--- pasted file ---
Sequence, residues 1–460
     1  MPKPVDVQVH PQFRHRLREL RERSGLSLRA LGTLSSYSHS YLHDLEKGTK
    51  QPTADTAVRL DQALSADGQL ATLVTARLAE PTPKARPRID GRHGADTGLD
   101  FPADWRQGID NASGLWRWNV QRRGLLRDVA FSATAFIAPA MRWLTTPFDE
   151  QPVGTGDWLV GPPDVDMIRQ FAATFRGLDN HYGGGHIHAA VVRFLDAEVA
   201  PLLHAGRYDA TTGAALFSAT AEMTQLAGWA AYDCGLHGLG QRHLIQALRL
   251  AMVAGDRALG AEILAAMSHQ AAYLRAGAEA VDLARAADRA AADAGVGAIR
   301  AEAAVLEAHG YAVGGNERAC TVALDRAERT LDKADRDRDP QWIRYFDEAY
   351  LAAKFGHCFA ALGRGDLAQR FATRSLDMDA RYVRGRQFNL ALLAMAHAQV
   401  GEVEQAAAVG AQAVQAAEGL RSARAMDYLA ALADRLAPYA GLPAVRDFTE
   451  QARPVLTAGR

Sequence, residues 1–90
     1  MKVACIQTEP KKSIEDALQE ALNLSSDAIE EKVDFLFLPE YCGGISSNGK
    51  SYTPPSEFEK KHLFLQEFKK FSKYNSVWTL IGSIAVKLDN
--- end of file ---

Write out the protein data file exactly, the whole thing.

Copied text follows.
Sequence, residues 1–460
     1  MPKPVDVQVH PQFRHRLREL RERSGLSLRA LGTLSSYSHS YLHDLEKGTK
    51  QPTADTAVRL DQALSADGQL ATLVTARLAE PTPKARPRID GRHGADTGLD
   101  FPADWRQGID NASGLWRWNV QRRGLLRDVA FSATAFIAPA MRWLTTPFDE
   151  QPVGTGDWLV GPPDVDMIRQ FAATFRGLDN HYGGGHIHAA VVRFLDAEVA
   201  PLLHAGRYDA TTGAALFSAT AEMTQLAGWA AYDCGLHGLG QRHLIQALRL
   251  AMVAGDRALG AEILAAMSHQ AAYLRAGAEA VDLARAADRA AADAGVGAIR
   301  AEAAVLEAHG YAVGGNERAC TVALDRAERT LDKADRDRDP QWIRYFDEAY
   351  LAAKFGHCFA ALGRGDLAQR FATRSLDMDA RYVRGRQFNL ALLAMAHAQV
   401  GEVEQAAAVG AQAVQAAEGL RSARAMDYLA ALADRLAPYA GLPAVRDFTE
   451  QARPVLTAGR

Sequence, residues 1–90
     1  MKVACIQTEP KKSIEDALQE ALNLSSDAIE EKVDFLFLPE YCGGISSNGK
    51  SYTPPSEFEK KHLFLQEFKK FSKYNSVWTL IGSIAVKLDN